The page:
All-in-all the day went as expected, and more or less to plan. Two of the sites that we were due to ping had fishing boats on them, which meant two additional pingings on the way home, which added a little more time to the day, and we finally arrived back in Dartmouth at about 19:00.

Fetching cars, unloading equipment, and driving back to Plymouth meant that we didn't arrive back at the Mountbatten Centre until about 21:00 - but our day wasn't finished yet.

The plan for the next day was to do the CBL and Rescue Tows, the 1000m swim, the Open water Lessons, and then the Interviews on the Maureen. The chosen site for all of this was at Brixham alongside the breakwater there which would be sheltered from the forecast SW 5-7 (which we had all weekend!).

This meant that we had to get the RIBs out of the water at Mountbatten, and onto the trailers, ready to take them over to Dartmouth the next day (where they would stay for the rest of the exam). We also had to get our kit ready for the next day, and have some dinner, getting to bed sometime after 23:30.

The Monday

Our brief was to get to the Brixham Harbour Wall by 10:00, which meant leaving Plymouth at about 06:45, arriving at Dartmouth around 08:00, loading and launching the boats, finding somewhere to park the trailers, finding somewhere to park the cars, getting under way at about 09:15, and arriving at Brixham actually on time at 10:00.

The CBL and rescue tows were done in shifts with a pair in each boat. When the first pair was finished, they went back for the last candidate who dived with an examiner as their victim. The CBL was conducted to 6m, where the victim was held for one minute before ascending to the surface and commencing the tow for an estimated 50 metres.

While the lift was targeted for 25m just off Berry Head, problems with shots drifting off in the current extended the time, and we ran a little late.

Following a brief lunch we transferred all the equipment to the beach and went into the Open Water Lessons, which were conducted as expected, the first starting at 14:00, and the second at 15:00, followed by the loading of boats and ferrying everything back to the Maureen.

Time was now pressing on, and the Maureen wanted to be back to Dartmouth in time to get on the pontoon at 17:00, so the 1000m swim was abandoned, and the examiners substituted a few rescue scenarios the next day to sort of compensate. I'm not sure that this was considered a success, and would suspect that the 1000m swim will reappear next year unless they come up with a better way of assessing leadership and dealing with emergencies.

Sea conditions on the way back were such that the idea of transferring candidates on and off the Maureen for interviews was abandoned, and these were picked up over lunch the next day.

We got back to Dartmouth shortly after 17:00, moored the RIBs alongside Maureen, and unloaded whatever kit was necessary. We had a review of the events for the day, and a briefing about the following day, which was due to start at 08:30.

Two dives were planned for the Tuesday.

(1) An instructional dive, with each candidate being given a different scenario, such as (a) First Small boat dive (but experienced diver) (b) Pilotage and Navigation (c) Marine Life Identification

In addition, during the dive, the candidate's dive buddy would spend a few minutes demonstrating their instructional skills, and would expect a debrief on how they did, based on the AI/OWI essential criteria, once everybody was back in the boat .

(2) The second dive would be a group task. We were set a task for each boat, the first (two candidates) was to set-up, check, and recover a navigation course, and the second (three candidates) was to shot a site, after which an examiner would drop and lose something. The task was to find it, move it to the shot, and lift it under control.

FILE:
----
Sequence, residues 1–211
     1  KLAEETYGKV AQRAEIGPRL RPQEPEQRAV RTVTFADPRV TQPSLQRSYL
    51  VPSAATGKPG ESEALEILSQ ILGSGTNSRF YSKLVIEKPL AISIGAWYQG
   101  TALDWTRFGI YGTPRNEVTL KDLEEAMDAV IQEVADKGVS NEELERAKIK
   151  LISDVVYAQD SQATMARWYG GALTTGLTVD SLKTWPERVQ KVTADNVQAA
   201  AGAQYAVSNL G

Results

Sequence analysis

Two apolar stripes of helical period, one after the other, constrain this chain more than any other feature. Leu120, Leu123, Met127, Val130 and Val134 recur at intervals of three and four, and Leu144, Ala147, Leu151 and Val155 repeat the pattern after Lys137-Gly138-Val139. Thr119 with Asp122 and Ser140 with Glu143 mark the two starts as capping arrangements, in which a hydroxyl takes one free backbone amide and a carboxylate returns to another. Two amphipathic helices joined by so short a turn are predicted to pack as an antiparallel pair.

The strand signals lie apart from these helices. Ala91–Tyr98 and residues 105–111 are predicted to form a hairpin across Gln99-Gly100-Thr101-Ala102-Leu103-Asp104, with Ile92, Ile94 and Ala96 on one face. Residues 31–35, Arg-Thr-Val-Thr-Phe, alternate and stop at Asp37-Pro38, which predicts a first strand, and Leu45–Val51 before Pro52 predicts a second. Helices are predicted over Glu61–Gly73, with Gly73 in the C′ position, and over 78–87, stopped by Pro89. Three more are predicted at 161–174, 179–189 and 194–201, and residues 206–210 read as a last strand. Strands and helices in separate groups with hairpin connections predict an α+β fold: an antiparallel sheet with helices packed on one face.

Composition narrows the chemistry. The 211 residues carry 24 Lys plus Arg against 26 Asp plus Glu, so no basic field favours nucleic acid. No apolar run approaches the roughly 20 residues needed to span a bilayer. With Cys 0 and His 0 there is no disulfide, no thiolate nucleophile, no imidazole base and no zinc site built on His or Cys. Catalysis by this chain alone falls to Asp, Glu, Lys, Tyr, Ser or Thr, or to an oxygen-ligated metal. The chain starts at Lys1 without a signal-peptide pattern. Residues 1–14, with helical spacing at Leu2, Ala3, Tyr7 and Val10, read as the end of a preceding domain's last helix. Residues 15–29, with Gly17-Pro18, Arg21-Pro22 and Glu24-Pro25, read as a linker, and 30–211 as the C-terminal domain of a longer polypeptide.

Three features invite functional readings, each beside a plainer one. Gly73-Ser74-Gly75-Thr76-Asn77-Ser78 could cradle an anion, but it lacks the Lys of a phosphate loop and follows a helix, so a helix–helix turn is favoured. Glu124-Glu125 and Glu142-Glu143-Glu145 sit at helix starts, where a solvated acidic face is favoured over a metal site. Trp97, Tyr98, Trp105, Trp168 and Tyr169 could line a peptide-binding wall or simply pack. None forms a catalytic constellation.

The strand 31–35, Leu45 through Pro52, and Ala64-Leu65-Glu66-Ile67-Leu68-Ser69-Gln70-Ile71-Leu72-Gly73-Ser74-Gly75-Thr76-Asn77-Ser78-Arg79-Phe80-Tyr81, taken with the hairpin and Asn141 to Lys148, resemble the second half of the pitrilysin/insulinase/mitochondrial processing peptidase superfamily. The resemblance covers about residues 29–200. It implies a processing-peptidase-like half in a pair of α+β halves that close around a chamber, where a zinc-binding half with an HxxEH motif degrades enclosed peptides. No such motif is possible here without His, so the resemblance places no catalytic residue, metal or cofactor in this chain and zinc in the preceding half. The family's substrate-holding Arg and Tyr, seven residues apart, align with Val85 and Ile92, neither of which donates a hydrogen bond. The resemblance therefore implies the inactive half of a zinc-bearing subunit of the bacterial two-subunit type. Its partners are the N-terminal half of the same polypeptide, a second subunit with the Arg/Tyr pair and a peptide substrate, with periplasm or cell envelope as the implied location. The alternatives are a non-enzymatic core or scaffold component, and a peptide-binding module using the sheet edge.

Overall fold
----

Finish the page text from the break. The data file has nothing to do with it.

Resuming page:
Both tasks are very similar to the sorts of things that we had to do a few years ago on the First Class Exam, but remember that on this occasion, we are expected to teach every aspect of the exercise, and co-ordinate the various sub-tasks amongst the candidates.

We finally got away from Dartmouth, after picking up cars etc, at about 18:30, and had to get back to Plymouth, be washed and changed, and drive around to the Hoe to meet the examiners for the Exam Meal at the Wet Wok for 20:00. An excellent meal was had, and we got back to Mountbatten at about 23:00.

Planning for the next days diving still had to be done, which took a little time, kit still had to be got ready, and we had to plan to get some spare fuel for the RIBs. Most of us were in bed by midnight.

The Tuesday.

While not towing boats this day, an 08:30 briefing still meant an 06:30 leave, and people getting up at about 05:45, especially Eugene and Marcus who had to check out of their rooms and pack all their gear as they were leaving to go home directly from Dartmouth that evening.

The day went pretty much according to plan, with a few changes due to one sickly examiner, and one of the twin 60hp engines on David's RIB giving up the ghost. The outstanding interviews were held on the Maureen over lunch. The most memorable part of the day seemed to be that it rained heavily and continuously almost all day. Everybody ended up totally waterlogged and, despite being the middle of summer. mildly hypothermic .

We finished more or less on time at about 17:00, and after a quick debrief on the weekend (results were promised in two and half weeks - but took three!), retrieved the cars, unloaded all the kit off the Maureen, drove the RIBs around to the slipway and got them out of the water and onto the trailers. We waved Eugene and Marcus off, and got back to Mountbatten at about 20:00.

A long shower (everybody had got very cold during the day), was followed by a much needed meal and copious quantities of wine at the New Inn in Turnchapel, and we finally fell into bed at about midnight.

The aftermath

Wednesday had a sensible start (07:30 for me and a walk round to the New Inn to pick up my car), then breakfast and all the packing and getting the boats ready for the journey home.

We finally left at about 11:30, and after a long drive (frequent stops for coffee, followed by frequent stops for the loo!), I got home after putting the boat to bed at about 20:00.

So a long week in all - 12:00 Wednesday to 20:00 Wednesday.

It took me a day and a half to catch up on my sleep, wash out all the dive kit, and generally sort things out.

Mark Mumford

This page was last updated on : 06 Sep 2011